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MSMQ for .NET Developers (Part 1) : Page 5

MSMQ provides robust and easy-to-use messaging capabilities that let you send and receive messages between applications running on one machine, different machines, and even across the Internet, both synchronously and asynchronously. Unfortunately, MSMQ is notoriously underused. Find out how to get started with MSMQ and what you can do with it.


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MSMQ Administration in .NET
MSMQ provides surprising simple management of MSMQ queues. You can can create, delete, and purge queues with little effort. Further, you can set many queue properties programmatically, including permissions assignment.

Creating, Deleting, and Purging Queues
To create a queue, simply call the shared CreateQueue method, passing the pathname identifying the queue. Similarly, you can delete and purge (remove all messages) queues . See the code samples below.

' create a private queue on the local machine named DevXTestQueue MessageQueue.Create(".\private$\DevXTestQueue") ' delete the private queue on the local machine ' named DevXTestQueue MessageQueue.Delete(".\private$\DevXTestQueue") ' purge the private queue on the local machine ' named DevXTestQueue MessageQueue.Purge(".\private$\DevXTestQueue")

Testing for the Presence of a Queue
MSMQ provides another shared method named Exists, which you can use to test for the presence of a queue. The only method parameter is the pathname of the queue. This method is quite expensive, so it is not a method you should use in your code during the normal course of message processing. The expense is incurred because, except for local private queues, the Exists method queries AD for information about the specified queue. Remember that because the method uses AD to find queues, you can't use Exists to test for the presence of remote private queues—you can run queries for private queues only on the machine where the queue resides. The code sample below demonstrates using Exists before attempting to create a queue.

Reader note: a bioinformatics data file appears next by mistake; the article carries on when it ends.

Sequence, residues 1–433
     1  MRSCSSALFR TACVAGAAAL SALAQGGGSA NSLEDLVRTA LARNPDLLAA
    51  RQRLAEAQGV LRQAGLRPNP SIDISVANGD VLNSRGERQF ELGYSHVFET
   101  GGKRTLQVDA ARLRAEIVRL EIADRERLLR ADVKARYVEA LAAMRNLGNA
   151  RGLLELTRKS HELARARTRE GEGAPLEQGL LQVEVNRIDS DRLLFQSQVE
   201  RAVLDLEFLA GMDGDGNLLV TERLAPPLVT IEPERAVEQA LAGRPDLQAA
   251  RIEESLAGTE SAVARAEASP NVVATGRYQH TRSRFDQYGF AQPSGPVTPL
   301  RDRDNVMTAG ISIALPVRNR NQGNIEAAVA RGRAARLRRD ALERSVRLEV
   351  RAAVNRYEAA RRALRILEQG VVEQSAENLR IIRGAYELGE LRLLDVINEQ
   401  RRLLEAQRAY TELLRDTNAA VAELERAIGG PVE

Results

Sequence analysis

' Using Exists to Test for the Presence of a Queue Private Function CreateQueue(ByVal PathName As String) _ As MessageQueue If MessageQueue.Exists(PathName) = True Then Return New MessageQueue(PathName) Else Return MessageQueue.Create(PathName) End If End Function

Setting Permissions on Queues
Until .NET made the System.Messaging functionality of MSMQ available, VB developers found it difficult to set various properties of queues. One common change made to a queue after it is created is the assignment of permissions to the queue. While there are many ways to programmatically assign permissions to a queue, the most straightforward way to do this is to call the SetPermissions method on the appropriate queue object. By passing a string representing the user to whom permission should be granted (or revoked), the permission that is being affected, and an action (Set, Revoke, Allow, or Deny), you can set the permissions as intended. Unlike the Exists method, you can set permissions on both local and remote queues and on both public and private queues.

The code below demonstrates granting full control permissions (and subsequently revoking the same permission) to the user michael.jones@passporthealth.com on a queue named DevXTestQueue.



' Using SetPermissions to Grant and Revoke Permissions on a Queue myQueue = New MessageQueue(".\private$\DevXTestQueue) myQueue.SetPermissions("michael.jones@passporthealth.com", _ MessageQueueAccessRights.FullControl, AccessControlEntryType.Set) myQueue = New MessageQueue(".\private$\DevXTestQueue) myQueue.SetPermissions("michael.jones@passporthealth.com", _ MessageQueueAccessRights.FullControl, _ AccessControlEntryType.Revoke)

Enumerating Queues on a Machine
Tools available in System.Messaging also have several methods that can enumerate the public and private queues on a specified machine or all queues across an entire domain. Two of the most useful of these methods are GetPublicQueuesByMachine and GetPrivateQueuesByMachine. As their names suggest, you provide the name of a machine, and they both return an array of MessageQueue objects present on the specified machine. The code below demonstrates this functionality.

' Using GetPublicQueuesByMachine and GetPrivateQueuesByMachine to ' Enumerate Queues myQueues = MessageQueue.GetPublicQueuesByMachine(".") Debug.WriteLine("---- " & myQueues.GetLength(0).ToString & _ " Queues ----") For Each myQueue As MessageQueue In myQueues Debug.WriteLine(myQueue.QueueName) Next myQueues = MessageQueue. GetPrivateQueuesByMachine("SERVER1") Debug.WriteLine("---- " & myQueues.GetLength(0).ToString & _ " Queues ----") For Each myQueue As MessageQueue In myQueues Debug.WriteLine(myQueue.QueueName) Next



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